During the run-up of housing prices from 2000 to 2005, many people were getting priced out of homes in south Placer County. Developers responded and started building condominiums. Many of the entry-level projects have sold, but those targeting high-end buyers have struggled, said Bruce Slaton, president of With all the negative publicity in the housing market and the subprime disaster, few people are interested in buying anything, Slaton said. "Prices are falling, and now you can find some single-family homes in Rocklin for less than they were asking for the condos," he said.
Also from the Business Journal:
New-home prices and sales continue to slide in the Sacramento region, as the housing market struggles, according to a report released Friday. The median price for new single-family homes dropped 10 percent to $418,000 in June, from $464,990 a year ago, according to the California Building Industry Association and Hanley Wood Market Intelligence report.
From the Stockton Record:
If it weren't already tough enough in the home sales market, the recent rash of grave news coming from the credit sector and an antsy Wall Street are putting more pressure than ever on the real estate sector. Some of the news about credit woes affecting investors and major lenders is even spilling out of the housing sector, where the trouble began piling up beginning this spring with many subprime loans going sour.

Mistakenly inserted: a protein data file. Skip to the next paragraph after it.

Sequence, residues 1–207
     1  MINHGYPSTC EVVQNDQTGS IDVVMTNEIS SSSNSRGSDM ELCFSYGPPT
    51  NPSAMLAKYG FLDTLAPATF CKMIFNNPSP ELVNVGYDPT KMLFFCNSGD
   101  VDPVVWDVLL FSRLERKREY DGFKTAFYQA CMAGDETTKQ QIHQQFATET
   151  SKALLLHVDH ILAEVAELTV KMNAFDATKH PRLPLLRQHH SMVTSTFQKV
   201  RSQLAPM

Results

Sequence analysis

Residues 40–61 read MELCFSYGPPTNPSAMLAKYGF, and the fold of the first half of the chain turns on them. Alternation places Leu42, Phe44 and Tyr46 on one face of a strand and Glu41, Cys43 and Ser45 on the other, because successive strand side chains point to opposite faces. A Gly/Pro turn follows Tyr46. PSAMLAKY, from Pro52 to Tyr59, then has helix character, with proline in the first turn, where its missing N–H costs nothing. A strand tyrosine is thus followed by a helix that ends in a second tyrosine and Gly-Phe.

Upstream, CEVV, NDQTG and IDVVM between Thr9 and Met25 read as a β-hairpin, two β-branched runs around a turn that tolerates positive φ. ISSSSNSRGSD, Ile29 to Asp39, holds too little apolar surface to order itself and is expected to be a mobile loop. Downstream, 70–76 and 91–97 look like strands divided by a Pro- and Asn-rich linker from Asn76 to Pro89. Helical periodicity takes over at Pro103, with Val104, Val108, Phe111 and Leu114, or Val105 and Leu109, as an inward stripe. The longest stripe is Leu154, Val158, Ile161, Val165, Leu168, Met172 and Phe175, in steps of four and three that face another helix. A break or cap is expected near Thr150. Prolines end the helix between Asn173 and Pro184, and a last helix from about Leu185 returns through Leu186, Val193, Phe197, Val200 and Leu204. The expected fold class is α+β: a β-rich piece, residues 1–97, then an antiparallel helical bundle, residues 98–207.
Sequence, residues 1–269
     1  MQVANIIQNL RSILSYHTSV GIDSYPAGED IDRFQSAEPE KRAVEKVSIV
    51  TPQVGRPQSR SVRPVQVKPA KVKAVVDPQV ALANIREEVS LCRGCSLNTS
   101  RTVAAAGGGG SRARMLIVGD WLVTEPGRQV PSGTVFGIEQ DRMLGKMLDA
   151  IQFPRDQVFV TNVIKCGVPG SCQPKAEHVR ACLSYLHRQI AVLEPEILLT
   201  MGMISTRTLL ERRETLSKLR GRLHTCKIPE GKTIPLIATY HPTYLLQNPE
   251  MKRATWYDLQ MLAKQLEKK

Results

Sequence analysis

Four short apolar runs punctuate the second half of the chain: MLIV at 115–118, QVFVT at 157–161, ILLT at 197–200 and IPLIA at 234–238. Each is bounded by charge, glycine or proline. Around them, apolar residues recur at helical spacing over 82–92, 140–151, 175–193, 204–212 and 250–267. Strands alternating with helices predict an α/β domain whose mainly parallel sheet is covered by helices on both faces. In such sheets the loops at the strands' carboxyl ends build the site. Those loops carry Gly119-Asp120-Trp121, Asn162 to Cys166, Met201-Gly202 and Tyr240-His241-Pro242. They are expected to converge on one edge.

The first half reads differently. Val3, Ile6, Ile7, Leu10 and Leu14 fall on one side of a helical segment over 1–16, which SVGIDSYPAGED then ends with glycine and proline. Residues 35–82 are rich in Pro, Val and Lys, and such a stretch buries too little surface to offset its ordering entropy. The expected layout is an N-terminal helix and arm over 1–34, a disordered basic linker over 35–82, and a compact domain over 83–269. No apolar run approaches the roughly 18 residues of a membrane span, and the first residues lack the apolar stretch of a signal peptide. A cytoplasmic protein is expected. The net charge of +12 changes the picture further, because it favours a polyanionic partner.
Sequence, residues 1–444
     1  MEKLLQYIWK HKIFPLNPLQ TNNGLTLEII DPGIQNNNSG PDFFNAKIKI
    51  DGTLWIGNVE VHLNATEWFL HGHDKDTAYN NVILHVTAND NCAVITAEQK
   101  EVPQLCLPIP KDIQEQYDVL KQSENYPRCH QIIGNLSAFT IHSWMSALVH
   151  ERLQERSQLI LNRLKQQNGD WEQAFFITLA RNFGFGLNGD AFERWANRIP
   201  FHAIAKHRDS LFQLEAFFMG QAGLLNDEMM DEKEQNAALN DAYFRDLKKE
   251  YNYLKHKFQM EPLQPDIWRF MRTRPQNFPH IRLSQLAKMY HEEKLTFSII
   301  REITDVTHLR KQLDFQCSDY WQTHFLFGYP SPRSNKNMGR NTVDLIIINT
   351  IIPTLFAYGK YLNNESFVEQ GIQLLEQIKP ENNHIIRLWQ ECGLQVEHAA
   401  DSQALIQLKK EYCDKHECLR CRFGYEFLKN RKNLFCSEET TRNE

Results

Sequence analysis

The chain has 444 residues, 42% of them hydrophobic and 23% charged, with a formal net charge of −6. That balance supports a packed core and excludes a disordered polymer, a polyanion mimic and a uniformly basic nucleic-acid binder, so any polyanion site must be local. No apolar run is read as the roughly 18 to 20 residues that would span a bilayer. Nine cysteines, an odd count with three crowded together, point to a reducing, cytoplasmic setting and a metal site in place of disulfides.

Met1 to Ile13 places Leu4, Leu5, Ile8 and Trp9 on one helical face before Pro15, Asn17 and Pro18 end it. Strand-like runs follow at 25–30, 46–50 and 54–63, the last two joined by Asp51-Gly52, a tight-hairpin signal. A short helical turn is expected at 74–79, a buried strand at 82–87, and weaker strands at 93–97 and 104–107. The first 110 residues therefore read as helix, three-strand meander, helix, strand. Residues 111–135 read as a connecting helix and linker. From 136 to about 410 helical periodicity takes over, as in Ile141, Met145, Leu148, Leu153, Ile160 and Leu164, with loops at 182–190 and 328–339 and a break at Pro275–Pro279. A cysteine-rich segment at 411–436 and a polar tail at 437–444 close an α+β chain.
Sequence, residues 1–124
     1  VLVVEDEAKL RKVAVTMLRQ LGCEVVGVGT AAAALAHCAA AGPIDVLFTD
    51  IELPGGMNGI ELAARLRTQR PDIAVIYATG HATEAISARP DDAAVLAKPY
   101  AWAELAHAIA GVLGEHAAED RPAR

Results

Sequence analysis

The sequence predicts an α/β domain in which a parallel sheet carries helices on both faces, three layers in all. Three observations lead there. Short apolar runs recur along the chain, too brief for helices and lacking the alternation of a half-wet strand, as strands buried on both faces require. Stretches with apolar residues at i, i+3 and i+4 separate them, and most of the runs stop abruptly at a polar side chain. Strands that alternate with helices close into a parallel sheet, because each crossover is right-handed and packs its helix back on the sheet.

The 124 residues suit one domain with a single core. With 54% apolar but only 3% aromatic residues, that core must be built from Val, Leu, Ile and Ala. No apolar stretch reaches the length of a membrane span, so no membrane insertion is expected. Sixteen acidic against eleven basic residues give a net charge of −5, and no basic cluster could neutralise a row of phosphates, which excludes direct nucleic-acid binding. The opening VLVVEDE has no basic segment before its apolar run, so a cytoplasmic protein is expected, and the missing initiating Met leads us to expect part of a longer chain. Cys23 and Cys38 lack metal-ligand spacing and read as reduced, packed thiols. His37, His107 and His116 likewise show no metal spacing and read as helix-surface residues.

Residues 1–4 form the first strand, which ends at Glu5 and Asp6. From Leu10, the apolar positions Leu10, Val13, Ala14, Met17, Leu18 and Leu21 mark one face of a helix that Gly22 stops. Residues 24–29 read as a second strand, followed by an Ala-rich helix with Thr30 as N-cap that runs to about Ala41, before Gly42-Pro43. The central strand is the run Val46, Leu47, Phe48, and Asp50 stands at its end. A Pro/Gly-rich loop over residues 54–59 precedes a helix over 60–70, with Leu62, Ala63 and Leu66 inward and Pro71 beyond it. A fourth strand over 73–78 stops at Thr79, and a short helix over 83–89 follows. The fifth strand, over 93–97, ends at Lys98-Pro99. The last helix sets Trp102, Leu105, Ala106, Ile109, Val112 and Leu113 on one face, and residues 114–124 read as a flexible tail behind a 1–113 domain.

Even though there hasn't been a whisper of bad news from the commercial real estate sector, deals in that field are harder to make these days because of tightening credit standards as investors worry about all types of loans, said Randy Thomas, a Sperry Van Ness commercial real estate broker in Stockton. Commercial lenders are re-examining their loan commitments and loan procedures, he said. A lot of commercial loans are funded from the same pool of resources as subprime residential loans, Thomas said, and that means tighter credit standards.


Patient Renter said...

Over the weekend, Dean Baker argued that ARM resets aren't the only problem with mortgages:

"The FDIC found that 10 percent of the subprime adjustable rate mortgages issued in 2006 were seriously delinquent or in foreclosure within 10 months of issuance. Since no mortgages had reset at the 10-month point, clearly there were other problems. Either borrowers could not afford even the low teaser rates or they were defaulting because they realized that their homes were worth less than their mortgages. The latter problem will only get worse as house prices continue to decline in response to the glut of housing on the market (the inventory of unsold new homes is 50 percent above the previous record and the number of vacant ownership units is almost twice the previous peak) and tightening credit conditions curtailing demand."

Gwynster said...

"they were defaulting because they realized that their homes were worth less than their mortgages"

This just happened to a house on Archer in Woodland. They didn't even try to sell according a neighbor. It just went straight to default.

RMB said...

Kind of OT, but go check out Lockewood's latest post. He has taken a revisionist approach and is now trying to say he wasn't really all that bullish in the past. Give me break.

The greatest part is where he says with all of the decline that condo's may be getting to be a good investment vehicle now. Then he talks about exchange rates and cash flow. Makes me wonder is this guy has a clue about anything....

norcaljeff said...

Anyone wanna buy a home? LOL